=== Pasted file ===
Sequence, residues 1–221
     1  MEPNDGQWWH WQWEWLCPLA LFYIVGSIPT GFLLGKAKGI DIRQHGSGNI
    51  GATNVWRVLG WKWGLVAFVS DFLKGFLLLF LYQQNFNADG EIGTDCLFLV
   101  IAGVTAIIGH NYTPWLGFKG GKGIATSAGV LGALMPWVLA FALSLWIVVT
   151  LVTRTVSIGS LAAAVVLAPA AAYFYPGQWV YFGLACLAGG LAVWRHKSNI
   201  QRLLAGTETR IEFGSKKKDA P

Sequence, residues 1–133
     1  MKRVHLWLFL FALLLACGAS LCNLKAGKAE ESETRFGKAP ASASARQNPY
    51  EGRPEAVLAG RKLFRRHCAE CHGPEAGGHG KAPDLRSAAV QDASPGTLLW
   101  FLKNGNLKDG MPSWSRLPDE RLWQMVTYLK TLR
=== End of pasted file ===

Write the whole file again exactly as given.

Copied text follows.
Sequence, residues 1–221
     1  MEPNDGQWWH WQWEWLCPLA LFYIVGSIPT GFLLGKAKGI DIRQHGSGNI
    51  GATNVWRVLG WKWGLVAFVS DFLKGFLLLF LYQQNFNADG EIGTDCLFLV
   101  IAGVTAIIGH NYTPWLGFKG GKGIATSAGV LGALMPWVLA FALSLWIVVT
   151  LVTRTVSIGS LAAAVVLAPA AAYFYPGQWV YFGLACLAGG LAVWRHKSNI
   201  QRLLAGTETR IEFGSKKKDA P

Sequence, residues 1–133
     1  MKRVHLWLFL FALLLACGAS LCNLKAGKAE ESETRFGKAP ASASARQNPY
    51  EGRPEAVLAG RKLFRRHCAE CHGPEAGGHG KAPDLRSAAV QDASPGTLLW
   101  FLKNGNLKDG MPSWSRLPDE RLWQMVTYLK TLR